At some point you may very well also need to look into caging them separately too. I once had a male and female cockatiel, the male, Fang, was MADLY in love with the female, Twinkle, and if I had caged them together I would have been up to my ears in babies in no time flat! They had separate cages so that I could cage Twinkle if/when Fang's romantic overtones became excessive, and they had plenty of out-of-cage time together but it was always supervised to ensure no hanky panky took place. Perhaps these measures along with possibly some intervention by your vet might be the solution for you?

I wish you all the very best of luck!
 

Terry57

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That is a lot of eggs! I agree with everything ravvlet said except for the hatch date time. I'm seeing on Google that the eggs hatch between 22-24 days so the age doesn't mean they aren't viable, but the fact that neither conure is sitting on them during the day does not sound good.

Your vet may be able to do an implant which would help with her hormones. I wouldn't even mention this if she hadn't laid 9 eggs, but that is so hard on them.
I hope that this will be a one off, and that she won't lay this many again.
 

ravvlet

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Broccoli - Dusky Conure - 3?mo old (July 2023 -)
~~~
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(RIP) Cricket - Cockatiel (2019-2022)
Yeah, my assumption of them not being viable is largely based on them being on a raised floor area (the cage wire means there is always cooler air moving under the eggs) & the parents not actually “sitting” regularly; they require a temp range of 98.7-100 not unlike poultry. All my hatching & incubating experience is from poultry, but I’ve had broody hens sit on their eggs more regularly than it sounds like your pair is doing, and in a proper nest, and we still had low hatch rate because she wasn’t sitting enough! (She was also a first-timer, and we ended up moving the eggs to an incubator to finish them off halfway through their incubation period).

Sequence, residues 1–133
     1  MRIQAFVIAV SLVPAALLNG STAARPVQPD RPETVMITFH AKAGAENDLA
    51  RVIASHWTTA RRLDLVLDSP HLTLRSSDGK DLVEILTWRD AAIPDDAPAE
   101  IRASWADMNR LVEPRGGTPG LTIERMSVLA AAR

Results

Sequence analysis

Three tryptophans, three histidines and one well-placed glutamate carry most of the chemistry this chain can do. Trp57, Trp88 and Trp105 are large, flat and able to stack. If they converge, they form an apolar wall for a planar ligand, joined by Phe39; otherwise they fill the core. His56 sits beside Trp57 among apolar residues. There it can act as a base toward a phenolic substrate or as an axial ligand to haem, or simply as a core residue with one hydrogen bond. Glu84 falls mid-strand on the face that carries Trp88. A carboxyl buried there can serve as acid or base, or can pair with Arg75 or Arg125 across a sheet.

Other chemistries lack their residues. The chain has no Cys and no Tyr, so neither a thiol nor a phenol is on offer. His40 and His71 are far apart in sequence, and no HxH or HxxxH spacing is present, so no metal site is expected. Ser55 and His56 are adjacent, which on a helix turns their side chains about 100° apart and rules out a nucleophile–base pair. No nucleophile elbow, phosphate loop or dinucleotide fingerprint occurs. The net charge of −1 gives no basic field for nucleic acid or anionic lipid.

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festive-grandma

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Thank you!! You’ve both been so helpful. I’m rewriting my post a bit as I don’t care as much about the eggs as I do my Quinny’s health. I’ve got a second cage being delivered from PetSmart today and I will look into a nice permanent cage for him to maybe live in during mating season 😂 and I will absolutely ask my vet about the injection - I’m a super helicopter mom so they may think I already know about it or simply forgot to suggest it. Bless you!!!
 
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festive-grandma

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Yeah, my assumption of them not being viable is largely based on them being on a raised floor area (the cage wire means there is always cooler air moving under the eggs) & the parents not actually “sitting” regularly; they require a temp range of 98.7-100 not unlike poultry. All my hatching & incubating experience is from poultry, but I’ve had broody hens sit on their eggs more regularly than it sounds like your pair is doing, and in a proper nest, and we still had low hatch rate because she wasn’t sitting enough! (She was also a first-timer, and we ended up moving the eggs to an incubator to finish them off halfway through their incubation period).
This sounds like so much more than I’m ready for so I’m absolutely just forgetting about anything to do with the eggs and focusing on Quinn 😂 It was never my intention to breed them and I’m definitely not prepared for that.
 

Terry57

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That's a wonderful idea to separate them during mating season. They will still be able to have out of cage time together but then have their own space.
You may find that they actually like some alone time by having separate cages.
Please keep us updated, and I'd love to see pictures of Quinn and Mesa:)